Activity: Develop and test a diagnostic toolkit for policymakers and regulators to identify competition issues and assess whether the available policy interventions are adequate to address them.
Output: A toolkit that would allow policymakers and regulators to:
- Develop (and test) a set of criteria and indicators that (i) identify the variables that should be considered to decide if a DFS market is problematic from a competition perspective (i.e., is concentrated, has low barriers to entry, lack of technology and distribution channels available to all providers) and (ii) evaluate the impact that certain behaviors by market players may have on users (e.g., pricing structures, collusion, agent exclusivity);
- Understand which anti-competitive behaviors are common in DFS markets, and their impact on current and future market structures for specific DFS services and products;
- Assess the gaps in the current policy and regulatory framework; and
- Evaluate whether supervisors and regulators have implemented good practice with respect to the existing policy vision, regulatory framework and institutional capacity.
The toolkit should be dynamic in the sense that it should easily adapt to different typologies of DFS markets, i.e., those dominated by banks, those dominated by non-banks, those that include fintech firms, those where platforms such as Facebook are active, etc.
Outcome: Ultimately, by helping countries assess the market dynamics at play and the available policy and regulatory remedies to create and maintain competition, this framework would create a roadmap for ensuring a level playing field in the DFS ecosystem to support financial inclusion and innovation.
Supporting Competition-Focused Regulation Technology (Regtech) and Open Data
Problem: Competition, telecommunication and financial authorities lack the necessary data and tools for analysts to fully understand market dynamics.
Activity: Enhance the capacity of authorities by using and creating competition–focused regtech solutions.
Output: A regtech solution that would:
- Identify indicators for monitoring competition; and
- Extract, analyze and help interpret meaningful supply-side and demand-side data to inform supervisory and regulatory work.
Outcome: This regtech solution would equip the authorities with the data and tools to make informed decisions about whether to launch competition enquiries, alert other agencies of market abuses, amend existing regulations, or design incentives targeted at specific types of firms. Moreover, the authorities may use part of the data to develop and share high-quality open datasets in the public domain to boost the development of new products and business models.
BFA’s implementation of the RegTech for Regulators Accelerator (R2A) in Ghana, Mexico and the Philippines, and its data-stack work in Nigeria show that this type of solution is already in high demand.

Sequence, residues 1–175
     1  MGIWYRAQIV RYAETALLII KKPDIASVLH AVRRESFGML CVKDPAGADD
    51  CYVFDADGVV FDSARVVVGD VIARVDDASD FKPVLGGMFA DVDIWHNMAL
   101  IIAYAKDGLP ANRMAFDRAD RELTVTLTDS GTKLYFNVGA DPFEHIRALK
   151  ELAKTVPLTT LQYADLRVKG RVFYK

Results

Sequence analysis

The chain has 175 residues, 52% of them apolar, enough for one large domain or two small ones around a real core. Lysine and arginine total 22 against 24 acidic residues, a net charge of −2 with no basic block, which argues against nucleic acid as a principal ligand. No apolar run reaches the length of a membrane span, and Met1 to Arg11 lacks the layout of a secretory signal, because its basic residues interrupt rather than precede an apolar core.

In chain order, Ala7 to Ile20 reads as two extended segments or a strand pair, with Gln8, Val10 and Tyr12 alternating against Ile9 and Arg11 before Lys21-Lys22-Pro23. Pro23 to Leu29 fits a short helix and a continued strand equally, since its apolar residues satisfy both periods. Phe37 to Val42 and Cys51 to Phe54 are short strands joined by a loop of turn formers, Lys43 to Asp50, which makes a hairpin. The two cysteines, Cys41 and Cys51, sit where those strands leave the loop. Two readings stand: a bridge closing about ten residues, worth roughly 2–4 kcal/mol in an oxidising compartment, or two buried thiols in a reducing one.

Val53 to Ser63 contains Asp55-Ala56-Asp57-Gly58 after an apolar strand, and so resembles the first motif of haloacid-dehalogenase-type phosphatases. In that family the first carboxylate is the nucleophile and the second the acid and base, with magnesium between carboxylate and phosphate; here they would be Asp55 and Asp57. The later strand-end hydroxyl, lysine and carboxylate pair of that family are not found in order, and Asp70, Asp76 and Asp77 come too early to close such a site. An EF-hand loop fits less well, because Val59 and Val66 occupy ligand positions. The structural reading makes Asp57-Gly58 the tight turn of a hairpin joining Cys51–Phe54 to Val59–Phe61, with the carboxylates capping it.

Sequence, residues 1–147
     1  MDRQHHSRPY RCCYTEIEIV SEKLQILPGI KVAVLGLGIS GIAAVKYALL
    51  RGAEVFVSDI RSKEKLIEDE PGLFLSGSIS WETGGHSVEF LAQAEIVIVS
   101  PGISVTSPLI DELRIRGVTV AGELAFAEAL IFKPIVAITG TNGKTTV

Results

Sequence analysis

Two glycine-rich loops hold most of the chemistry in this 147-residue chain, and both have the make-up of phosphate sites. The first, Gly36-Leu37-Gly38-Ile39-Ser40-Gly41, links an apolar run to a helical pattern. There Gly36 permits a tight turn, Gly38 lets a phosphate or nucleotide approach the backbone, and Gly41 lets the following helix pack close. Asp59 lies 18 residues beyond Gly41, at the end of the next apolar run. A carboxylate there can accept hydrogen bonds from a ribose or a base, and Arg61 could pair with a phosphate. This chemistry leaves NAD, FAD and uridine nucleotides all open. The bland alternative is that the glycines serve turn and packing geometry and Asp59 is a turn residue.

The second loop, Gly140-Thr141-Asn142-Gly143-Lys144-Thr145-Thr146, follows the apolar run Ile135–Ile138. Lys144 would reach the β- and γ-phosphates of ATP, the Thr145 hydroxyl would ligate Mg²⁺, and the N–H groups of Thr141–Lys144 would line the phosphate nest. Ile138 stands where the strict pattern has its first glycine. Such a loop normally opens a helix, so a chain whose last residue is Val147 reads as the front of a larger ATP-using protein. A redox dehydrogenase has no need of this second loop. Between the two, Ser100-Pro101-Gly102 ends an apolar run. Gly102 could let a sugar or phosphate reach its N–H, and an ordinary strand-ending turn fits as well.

Examining Competition Issues Raised by Control Over Customer Data
Problem: Until recently, the exchange of personal data for a “free” service such as internet searches or social media was considered to have no effect on the market, given the lack of exchange of value in the traditional sense. However, policymakers and regulators are now questioning how the extraction and use of data that users generate online and over other platforms (e.g., using mobile money) may impact competition. The nature of these data-based business models is challenging, and the current tools available to policymakers and regulators to monitor these markets and prevent misuse of these data are inadequate.
Anti-competitive practices with respect to the sharing of data on customer creditworthiness also impact financial inclusion and innovation. For instance, the selective dissemination of creditworthiness data may disadvantage certain market players, as was the case in Kenya where the Central Bank of Kenya in 2016 accused lenders of failing to submit accurate and complete data to the credit bureau.
Activity: Undertake specific research on competition issues and customer data, focusing on:
- How higher-income countries are currently dealing with competition issues raised by big data in general;
- How developed countries are proactively legislating to protect such data and foster competition in financial services in particular (e.g., open banking and the EU Second Payment Services Directive); and
- Specific emerging-market innovations such as the Digital Locker in India and the mandatory open banking API in Mexico (a provision for which is included in the country’s draft Fintech Law).
Output: Research that offers original ideas on how emerging markets can “leapfrog” higher-income nations to ensure the adequate protection of data while exploiting its capacities for positive impact.
Outcome: This work could result in a set of best practices for the regulation of big data in DFS that would take into consideration the specific characteristics of emerging markets, and develop recommendations on regulatory tools for competition, supervision and data protection.
As market concentration in DFS is creating imbalances in many emerging economies, there is an increasing urgency to develop industry-wide, globally relevant tools and guidelines for regulators and policymakers to create and maintain a competitive playing field for all DFS providers. This should be done hand-in-hand with current country-focused work, in order to both shape this work and to draw more long-term lessons for competition and sector-based policy work on a global scale.
Simone di Castri is director of policy and ecosystem development at BFA.
Ariadne Plaitakis is a senior associate of policy and ecosystem development at BFA.
Photo by Kat Northern Lights Man via Flickr.
- Finance, Technology